Who Put The Bomp #5. Who Put The Bomp #6. Who Put The Bomp #7. Who Put The Bomp #8. Who Put The Bomp #9. Who Put The Bomp! # Who Put The. Who Put The Bomp was a rock music fanzine edited and published by Greg Shaw from to Its name came from the hit doo-wop song by Barry. It collects writings from the s-’70s run of Bomp! magazine, a worthy competitor of Creem and Crawdaddy as a rock mag that’s still fun to.
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Shaw founded one of the earliest rock fanzines, the mimeographed Mojo Navigator and Rock ‘n Roll News in Sort content by label audio vintage vinyl vintage graphics link YouTube advertising 95 cover tunes 83 Reasons To Be Cheerful 82 comics 61 video 57 78s fRom HeLL 55 movies 51 character actors 50 magazines 45 TV 44 illustrators 44 obit 39 cultural artifacts 36 cartooning 27 flickr 26 art 23 formerly at ‘Brief Window’ 22 vanity 22 In Crowd of the month 20 cartoons 18 cover gallery 18 fashion 18 CD review 17 Remember Those ’90’s?
I’m Learning To Share! King Kong directs by John Guillermin.
The book is by his wife, Suzy, and freak-of-all-trades Mick Farren. Glean the treasures within.
Who Put the Bomp
The book does great honor to the memory of superfan Greg Shawwho steered the Bomp! Subscribe to this thread:. Active in science fiction fandom as a young man, he became familiar with fanzines. The Chicago-area native dished tabloid-style gossip here for almost a decade. Greg Shaw died from heart failure at the age of 55 on October 19, Bomp Records — Greg Shaw: When Sonny gets blue.
But assembling the material was an enormous task that would involve magazins of work, a team of artists and writers, and certainly a lot of money.
What constitutes the bulk of the book are scanned pages from WPTB’s ten-year history, focusing on material germaine to what Shaw considered the bread and butter of his musical ethos: Julie Newmar article from Whisper magazine, July Born in the Garage is a wonderful compilation of zines from a time long gone and is as educational as it is entertaining. The son of Richard J.
Legion of Subpar Villains: Jukebox Mafia Probe is Nagazine the People! It collects writings from the s-’70s run of Bomp! A self-titled LP, cover art by R Links to this post. Dave Bonp – Hawaiian War Chant print ad: He gave tirelessly of his time, talent, knowledge, and advice, whether running sound at a gig or recording a young band. Any fan of the music covered in this book, or just those of fanzines in general looking for some history would do well to pick up this book, which will give you a lot for your money.
A subtle distinction at times. Suzy Shaw and Mick Farren co-authored Bomp: Wild at Heart era. However, I’m ready and eager to immediately remove any potentially infringing posting if it will avoid a hassle or hurt feelings. Famous for photographing Michael Jordan and other celebs, the wheelchair-bound artist is working his way back photographing families as part bmp a Groupon deal. Posted by Patrick Boissel at Ken Barnes follows this with a detailed history of his own long involvement with Shaw and his creation, and other key personalities behind the scenes, capturing perfectly the feel of a time when records were a rare addiction and knowledge of bands like The Velvet Underground or The Seeds was like a secret handshake among a cognoscenti only able to identify itself being cultivated by rallying points like WPTB — an audience largely recruited from the subcultures of comics and science fiction fanzines.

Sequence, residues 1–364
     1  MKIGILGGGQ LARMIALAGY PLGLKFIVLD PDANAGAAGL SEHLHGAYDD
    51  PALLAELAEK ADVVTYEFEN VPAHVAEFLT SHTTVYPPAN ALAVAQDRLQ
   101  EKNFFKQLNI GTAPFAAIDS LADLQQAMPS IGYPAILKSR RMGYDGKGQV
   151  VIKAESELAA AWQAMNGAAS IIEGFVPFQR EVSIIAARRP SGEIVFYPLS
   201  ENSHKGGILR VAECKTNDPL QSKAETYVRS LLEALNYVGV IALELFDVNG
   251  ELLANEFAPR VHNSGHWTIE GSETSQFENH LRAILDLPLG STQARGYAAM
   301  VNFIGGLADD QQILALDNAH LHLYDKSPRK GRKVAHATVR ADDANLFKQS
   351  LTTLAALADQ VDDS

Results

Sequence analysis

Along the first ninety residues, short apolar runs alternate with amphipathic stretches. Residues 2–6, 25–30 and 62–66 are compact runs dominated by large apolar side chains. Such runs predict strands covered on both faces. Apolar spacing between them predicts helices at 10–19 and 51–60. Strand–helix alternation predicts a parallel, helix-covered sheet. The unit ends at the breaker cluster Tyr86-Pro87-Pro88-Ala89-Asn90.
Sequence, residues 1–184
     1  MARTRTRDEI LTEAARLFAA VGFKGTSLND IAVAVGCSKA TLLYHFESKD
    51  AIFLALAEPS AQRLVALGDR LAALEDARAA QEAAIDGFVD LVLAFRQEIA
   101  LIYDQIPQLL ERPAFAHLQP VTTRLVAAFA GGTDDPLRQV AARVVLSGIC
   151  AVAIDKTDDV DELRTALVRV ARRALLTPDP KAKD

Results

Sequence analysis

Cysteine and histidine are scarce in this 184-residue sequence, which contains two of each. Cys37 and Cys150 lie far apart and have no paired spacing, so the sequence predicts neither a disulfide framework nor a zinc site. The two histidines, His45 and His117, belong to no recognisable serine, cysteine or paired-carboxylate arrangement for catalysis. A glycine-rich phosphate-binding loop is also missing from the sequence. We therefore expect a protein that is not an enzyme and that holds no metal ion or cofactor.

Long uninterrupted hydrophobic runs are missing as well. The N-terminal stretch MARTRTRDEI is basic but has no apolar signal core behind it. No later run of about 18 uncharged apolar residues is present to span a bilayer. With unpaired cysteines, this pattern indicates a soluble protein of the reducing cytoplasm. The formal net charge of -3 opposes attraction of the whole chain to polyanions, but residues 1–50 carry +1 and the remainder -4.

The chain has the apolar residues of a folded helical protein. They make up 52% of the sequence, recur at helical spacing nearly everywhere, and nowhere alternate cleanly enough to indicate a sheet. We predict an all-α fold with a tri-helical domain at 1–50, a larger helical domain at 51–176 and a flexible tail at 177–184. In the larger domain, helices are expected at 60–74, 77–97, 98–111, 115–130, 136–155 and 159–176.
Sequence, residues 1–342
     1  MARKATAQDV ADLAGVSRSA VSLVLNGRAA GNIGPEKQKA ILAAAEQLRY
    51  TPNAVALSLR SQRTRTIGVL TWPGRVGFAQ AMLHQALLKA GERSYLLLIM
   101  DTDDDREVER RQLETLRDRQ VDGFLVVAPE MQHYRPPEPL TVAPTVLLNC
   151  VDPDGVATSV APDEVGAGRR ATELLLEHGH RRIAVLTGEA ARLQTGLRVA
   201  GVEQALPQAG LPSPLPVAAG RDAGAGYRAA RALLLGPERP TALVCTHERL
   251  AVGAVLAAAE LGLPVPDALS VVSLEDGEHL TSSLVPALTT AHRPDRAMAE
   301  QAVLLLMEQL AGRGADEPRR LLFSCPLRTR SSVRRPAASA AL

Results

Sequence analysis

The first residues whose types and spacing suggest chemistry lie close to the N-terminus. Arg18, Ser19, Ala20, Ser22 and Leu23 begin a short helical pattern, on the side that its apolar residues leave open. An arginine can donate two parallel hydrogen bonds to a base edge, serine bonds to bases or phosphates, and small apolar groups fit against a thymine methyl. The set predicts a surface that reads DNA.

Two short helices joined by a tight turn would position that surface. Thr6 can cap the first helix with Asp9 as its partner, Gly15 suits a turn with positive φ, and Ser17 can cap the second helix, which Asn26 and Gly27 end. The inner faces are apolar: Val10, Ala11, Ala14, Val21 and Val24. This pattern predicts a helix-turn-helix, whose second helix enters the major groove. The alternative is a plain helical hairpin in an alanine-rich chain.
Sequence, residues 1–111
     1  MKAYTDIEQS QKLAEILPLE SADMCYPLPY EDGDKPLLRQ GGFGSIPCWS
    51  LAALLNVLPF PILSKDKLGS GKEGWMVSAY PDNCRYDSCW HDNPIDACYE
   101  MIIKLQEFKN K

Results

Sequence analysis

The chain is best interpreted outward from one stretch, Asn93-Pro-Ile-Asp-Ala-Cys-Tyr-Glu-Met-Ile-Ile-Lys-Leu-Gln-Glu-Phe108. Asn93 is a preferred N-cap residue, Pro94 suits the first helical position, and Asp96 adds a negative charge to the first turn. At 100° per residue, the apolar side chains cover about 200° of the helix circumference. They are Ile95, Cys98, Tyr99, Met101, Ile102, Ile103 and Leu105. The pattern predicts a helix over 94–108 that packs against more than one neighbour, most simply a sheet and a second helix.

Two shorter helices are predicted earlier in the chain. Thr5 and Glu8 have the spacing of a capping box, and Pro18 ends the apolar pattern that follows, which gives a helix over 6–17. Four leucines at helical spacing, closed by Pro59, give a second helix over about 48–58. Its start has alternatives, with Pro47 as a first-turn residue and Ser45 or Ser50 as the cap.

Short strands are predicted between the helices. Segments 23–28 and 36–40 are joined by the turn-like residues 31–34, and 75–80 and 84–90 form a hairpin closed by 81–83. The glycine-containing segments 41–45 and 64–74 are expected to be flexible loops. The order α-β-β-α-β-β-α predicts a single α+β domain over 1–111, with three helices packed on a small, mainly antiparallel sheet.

Also includes the missing Bomp magazine issue 22, and the story of the Bomp label.
Who Put the Bomp
An enthusiastic publication of enthusiastic writings by one of indie rock’s most enthusiastic supporters! Any book bom; brings back to my nostrils the fragrance of mimeo sheets, typewriter ribbons, staples and fresh vinyl warrants my highest recommendation.
Again With the Comics. There’s a LOT of information here, perhaps not ideally organized for quick retrieval, but the book certainly projects a world you can get lost in.
BOMP Magazine – Oktober 1978 – Frontpage
And he did it passionately. This is a document of true devotion. Posted by Patrick Boissel at 3: More Music Blogs Munju: It is pretty amazing how much of these tiny little zines were preserved over the years. Many memories bubble up leafing through Bomp’s record reviews and charts and print ads from a couple of issues I’ve had for ages.
The magazine chronicled bands that Shaw deemed worthy of covering. More by Monica Kendrick. The reviews are in… the best new game nowhere to be seen at Gencon !
I’ll look forward to checking it out! The label has featured punk, pop, power pop, garage rock, new wave, old school rock, neo-psychedelia among other genres.